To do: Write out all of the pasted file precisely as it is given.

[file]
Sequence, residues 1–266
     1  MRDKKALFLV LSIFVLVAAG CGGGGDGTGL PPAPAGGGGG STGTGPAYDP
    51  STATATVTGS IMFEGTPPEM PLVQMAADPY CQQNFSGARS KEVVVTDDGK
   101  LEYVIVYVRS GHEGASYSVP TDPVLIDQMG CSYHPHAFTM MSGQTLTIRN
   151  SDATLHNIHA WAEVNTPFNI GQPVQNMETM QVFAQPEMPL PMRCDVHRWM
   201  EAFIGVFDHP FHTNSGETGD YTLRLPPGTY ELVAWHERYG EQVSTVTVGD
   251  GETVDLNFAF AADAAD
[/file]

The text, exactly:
Sequence, residues 1–266
     1  MRDKKALFLV LSIFVLVAAG CGGGGDGTGL PPAPAGGGGG STGTGPAYDP
    51  STATATVTGS IMFEGTPPEM PLVQMAADPY CQQNFSGARS KEVVVTDDGK
   101  LEYVIVYVRS GHEGASYSVP TDPVLIDQMG CSYHPHAFTM MSGQTLTIRN
   151  SDATLHNIHA WAEVNTPFNI GQPVQNMETM QVFAQPEMPL PMRCDVHRWM
   201  EAFIGVFDHP FHTNSGETGD YTLRLPPGTY ELVAWHERYG EQVSTVTVGD
   251  GETVDLNFAF AADAAD